- Early epinephrine administration reaffirmed: In 2 randomized clinical trials,70,71 administration of epinephrine increased ROSC and survival, leading to a recommendation that epinephrine be administered for patients in cardiac arrest (Class 1, LOE B-R).40,72 Uncertainty about the effect of epinephrine on neurological outcome, in addition to the variation in outcomes based on timing and initial rhythm, supported the following new concepts:
- With respect to timing, for cardiac arrest with a nonshockable rhythm, it is reasonable to administer epinephrine as soon as feasible (Class 2a, C-LD).
- With respect to timing, for cardiac arrest with a shockable rhythm, it may be reasonable to administer epinephrine after initial defibrillation attempts have failed (Class 2b, C-LD).
The Adult Cardiac Arrest Algorithm has been updated to emphasize the early administration of epinephrine for patients with nonshockable rhythms.
- Individualized management of resuscitation: Not
all cardiac arrest events are identical, and specialized
management may be critical for optimal
patient outcome, such as when the primary etiology
of arrest is respiratory, a gravid uterus impedes
venous return, or resuscitation involves a viable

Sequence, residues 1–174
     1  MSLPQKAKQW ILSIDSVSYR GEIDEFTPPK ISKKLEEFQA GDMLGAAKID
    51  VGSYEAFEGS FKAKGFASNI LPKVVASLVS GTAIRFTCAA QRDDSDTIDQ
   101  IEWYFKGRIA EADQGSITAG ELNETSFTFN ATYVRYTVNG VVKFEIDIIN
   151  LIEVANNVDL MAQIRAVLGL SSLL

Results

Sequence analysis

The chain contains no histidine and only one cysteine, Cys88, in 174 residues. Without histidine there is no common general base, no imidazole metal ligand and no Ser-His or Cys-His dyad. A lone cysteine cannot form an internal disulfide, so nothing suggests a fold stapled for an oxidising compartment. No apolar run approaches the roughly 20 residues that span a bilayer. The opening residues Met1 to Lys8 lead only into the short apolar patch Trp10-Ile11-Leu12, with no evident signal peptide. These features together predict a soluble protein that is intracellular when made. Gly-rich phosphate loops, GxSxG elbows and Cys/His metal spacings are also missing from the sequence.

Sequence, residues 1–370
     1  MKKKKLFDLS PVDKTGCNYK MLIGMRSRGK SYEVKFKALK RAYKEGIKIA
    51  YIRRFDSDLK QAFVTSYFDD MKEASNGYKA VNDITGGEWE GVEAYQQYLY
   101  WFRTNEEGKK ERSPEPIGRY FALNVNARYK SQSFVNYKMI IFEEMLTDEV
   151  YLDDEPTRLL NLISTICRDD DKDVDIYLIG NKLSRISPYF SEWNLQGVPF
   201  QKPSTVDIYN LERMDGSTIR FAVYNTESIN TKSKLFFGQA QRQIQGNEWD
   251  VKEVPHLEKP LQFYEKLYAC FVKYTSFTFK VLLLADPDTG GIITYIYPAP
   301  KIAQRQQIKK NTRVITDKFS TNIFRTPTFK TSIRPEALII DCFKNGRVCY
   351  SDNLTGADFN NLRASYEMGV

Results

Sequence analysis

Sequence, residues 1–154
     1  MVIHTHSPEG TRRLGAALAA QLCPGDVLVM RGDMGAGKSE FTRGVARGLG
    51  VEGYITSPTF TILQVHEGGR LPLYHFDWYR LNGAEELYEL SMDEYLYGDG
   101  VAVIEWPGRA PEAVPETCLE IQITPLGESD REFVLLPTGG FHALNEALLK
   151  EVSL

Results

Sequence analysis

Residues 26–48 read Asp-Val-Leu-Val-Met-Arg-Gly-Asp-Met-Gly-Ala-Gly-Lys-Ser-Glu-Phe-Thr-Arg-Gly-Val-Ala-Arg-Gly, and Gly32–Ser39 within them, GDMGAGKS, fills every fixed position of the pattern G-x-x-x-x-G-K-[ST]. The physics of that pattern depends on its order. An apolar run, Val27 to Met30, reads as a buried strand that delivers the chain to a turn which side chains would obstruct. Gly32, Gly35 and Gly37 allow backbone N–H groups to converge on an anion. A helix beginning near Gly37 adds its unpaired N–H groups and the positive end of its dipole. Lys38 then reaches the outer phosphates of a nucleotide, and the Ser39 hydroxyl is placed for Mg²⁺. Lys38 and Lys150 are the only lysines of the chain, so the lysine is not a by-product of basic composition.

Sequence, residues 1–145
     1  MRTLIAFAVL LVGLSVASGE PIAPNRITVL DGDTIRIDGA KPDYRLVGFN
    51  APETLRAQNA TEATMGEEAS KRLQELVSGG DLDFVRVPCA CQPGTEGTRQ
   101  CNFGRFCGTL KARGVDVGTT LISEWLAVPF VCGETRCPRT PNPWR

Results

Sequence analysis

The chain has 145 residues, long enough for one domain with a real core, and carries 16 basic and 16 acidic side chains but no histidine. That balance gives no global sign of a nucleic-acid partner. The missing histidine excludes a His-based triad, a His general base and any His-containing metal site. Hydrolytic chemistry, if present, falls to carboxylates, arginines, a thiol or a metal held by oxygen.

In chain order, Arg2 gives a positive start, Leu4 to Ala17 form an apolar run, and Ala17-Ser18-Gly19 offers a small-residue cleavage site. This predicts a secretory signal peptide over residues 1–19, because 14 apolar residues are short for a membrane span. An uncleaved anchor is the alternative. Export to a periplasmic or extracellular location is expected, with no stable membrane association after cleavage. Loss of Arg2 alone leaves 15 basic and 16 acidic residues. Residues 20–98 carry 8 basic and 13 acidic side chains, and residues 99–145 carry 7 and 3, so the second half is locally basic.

fetus. In the Special Circumstances of Resuscitation
section, we highlight 2 such areas (opioid overdose
and cardiac arrest in pregnancy):
- Opioid overdose: The opioid epidemic has resulted in an increase in respiratory and cardiac arrests due to opioid overdose.73 To address this public health crisis, we present 2 new algorithms for the management of opioid-associated emergencies, highlighting that lay rescuers and trained responders should not delay activating emergency response systems while awaiting the patient’s response to naloxone or other interventions (Class 1, LOE E-O). Additionally, for patients known or suspected to be in cardiac arrest, in the absence of a proven benefit from the use of naloxone, standard resuscitative measures should take priority over naloxone administration, with a focus on high-quality CPR (compressions plus ventilation) (Class 1, LOE E-O).73
- Cardiac arrest in pregnancy: We present updated recommendations and a new algorithm highlighting the concept that the best outcomes for both mother and fetus are through successful maternal resuscitation.74 Team planning for cardiac arrest in pregnancy should be done in collaboration with the obstetric, neonatal, emergency, anesthesiology, intensive care, and cardiac arrest services (Class 1, LOE C-LD). Priorities for treating the pregnant woman in cardiac arrest should include provision of highquality CPR and relief of aortocaval compression through left lateral uterine displacement (Class 1, LOE C-LD). If the pregnant woman with a fundus height at or above the umbilicus has not obtained ROSC with usual resuscitation measures plus manual left lateral uterine displacement, it is advisable to prepare to evacuate the uterus while resuscitation continues (Class 1, LOE C-LD).75–79 To accomplish delivery early, ideally within 5 minutes after the time of arrest, it is reasonable to immediately prepare for perimortem cesarean delivery while initial BLS and advanced cardiovascular life support (ACLS) interventions are being performed (Class 2a, LOE C-EO), although provider skill set and available personnel and resources may also logically influence this timing.74